Cougar caught on camera confirmed, linked to another
Jacksonville, Ill. — State wildlife officials confirmed two cougar sightings in Illinois in the course of a week, but they speculate it might be the same animal – one that began its journey from southern Wisconsin.
In mid-September, a cougar’s tail and back legs were photographed by a trail camera near Warren, just on the Illinois side of the Wisconsin border. Wildlife biologists had been tracking a cougar in southern Wisconsin in August, and they assumed it had continued on to Illinois.
An Illinois Conservation Police officer visited the scene after Warren police reported the sighting and matched it to the picture.
Weeks later, on Oct. 28, deer hunter Mark Cobb was startled to see a cougar on his trail camera near Literberry, north of Jacksonville in Morgan County – hundreds of miles south of the first sighting in Warren.
“There’s a lot of speculation involved, but it makes sense if you connect the dots,” said DNR furbearer biologist Bob Bluett. “It’s not easy for something as big as a cougar to escape notice or detection in the Midwest.
“And the last documented occurrence in Illinois, in 2008, was preceded by a confirmed sighting in southern Wisconsin.”
That animal made it all the way into the city of Chicago, where it was shot and killed.
Bluett said the Warren sighting got a second look after the Morgan County cat was confirmed.
It turned out two reports from Warren had been lumped together.
The situation got confusing because one of those turned out to be a hoax. The other, however, appears to be legitimate, Bluett said.
“We had a guy that submitted a photo as a hoax,” said district wildlife biologist Doug Dufford, who is based in Savanna.
“That is the danger you run into,” he said. “The rumor mill gets going, and it seems some people just want a piece of the glory.”
DNR confirmed that the trail camera photo snapped in Morgan County is indeed that of a cougar.
Cobb, who hunts on property north of Jacksonville, captured the cougar on his trail camera, a motion-sensitive camera used by hunters to keep an eye on the movements of deer in their hunting areas.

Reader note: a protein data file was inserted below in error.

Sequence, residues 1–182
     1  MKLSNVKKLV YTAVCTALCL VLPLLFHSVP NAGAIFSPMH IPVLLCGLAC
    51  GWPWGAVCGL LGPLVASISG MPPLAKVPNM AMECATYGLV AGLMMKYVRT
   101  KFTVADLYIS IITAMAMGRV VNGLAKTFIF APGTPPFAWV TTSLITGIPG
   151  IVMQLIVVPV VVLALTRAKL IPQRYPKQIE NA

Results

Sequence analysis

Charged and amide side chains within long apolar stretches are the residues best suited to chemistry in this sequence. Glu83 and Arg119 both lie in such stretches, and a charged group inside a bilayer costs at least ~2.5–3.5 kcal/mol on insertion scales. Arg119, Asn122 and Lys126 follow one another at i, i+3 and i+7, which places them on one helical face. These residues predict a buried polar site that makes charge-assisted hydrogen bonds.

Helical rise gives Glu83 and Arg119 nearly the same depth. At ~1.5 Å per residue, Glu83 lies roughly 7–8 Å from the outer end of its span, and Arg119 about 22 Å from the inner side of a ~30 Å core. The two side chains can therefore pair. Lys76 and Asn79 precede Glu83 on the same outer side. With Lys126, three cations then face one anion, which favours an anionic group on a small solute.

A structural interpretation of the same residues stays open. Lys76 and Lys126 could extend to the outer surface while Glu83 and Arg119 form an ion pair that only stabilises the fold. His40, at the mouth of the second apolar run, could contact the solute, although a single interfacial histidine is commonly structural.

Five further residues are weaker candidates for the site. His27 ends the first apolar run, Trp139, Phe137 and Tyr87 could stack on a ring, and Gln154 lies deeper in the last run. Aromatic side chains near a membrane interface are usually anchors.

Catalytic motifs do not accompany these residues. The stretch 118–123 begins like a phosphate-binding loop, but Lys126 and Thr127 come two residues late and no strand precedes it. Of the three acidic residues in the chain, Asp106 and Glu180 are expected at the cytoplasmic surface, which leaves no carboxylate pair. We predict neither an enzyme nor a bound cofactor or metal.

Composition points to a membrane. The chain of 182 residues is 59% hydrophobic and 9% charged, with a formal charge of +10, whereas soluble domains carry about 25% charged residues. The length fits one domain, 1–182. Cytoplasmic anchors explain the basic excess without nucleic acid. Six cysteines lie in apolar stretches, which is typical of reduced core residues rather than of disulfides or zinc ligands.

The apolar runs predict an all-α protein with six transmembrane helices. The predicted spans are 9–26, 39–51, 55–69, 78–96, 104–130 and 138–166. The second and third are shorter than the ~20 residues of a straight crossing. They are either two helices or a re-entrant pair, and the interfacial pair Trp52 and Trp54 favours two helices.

“Sunday afternoon, I got the SD cards out of the cameras and was sitting at my sister’s kitchen counter and was checking them out,” Cobb said. “I just kind of went, ‘Oh, my God,’ and everybody thought I had a big deer on there.”
DNR wildlife biologist Mike Chandler visited the site the next afternoon and verified the location where the picture was taken.
The picture clearly shows the big cat walking past a camera set up along a trail through a wooded area.
Cougars once roamed most of the lower 48 states, but for much of the past century have been restricted to the mountain west.
Today, stories of young males wandering east and south from the Dakotas to states like Nebraska, Iowa or Missouri are relatively common. Missouri regularly reports cougar sightings, although conservation officials in Missouri say no known breeding populations have been established.
In 2011, a young male from the Black Hills of South Dakota made it as far as Connecticut.
Cougars can range great distances, but Bluett said it is impossible to say if the Morgan County cat is still around.
“Most likely it will move on, but these animals are so few and far between no one could know what their habits are,” he said.
Cougars prey most often on deer.
Cobb said it was a shock to learn the cougar was so close by.
Cobb lives in Sherman, but his mother and sister live in houses within walking distance of the trail where the cougar was photographed.
“I had this uneasy feeling in my gut when I realized something that big and potentially dangerous was walking around that close to us,” he said.
Cougars are nocturnal and generally stay away from people.
Still, Cobb said his 12-year-old son didn’t want to go out hunting with him after learning about the cougar.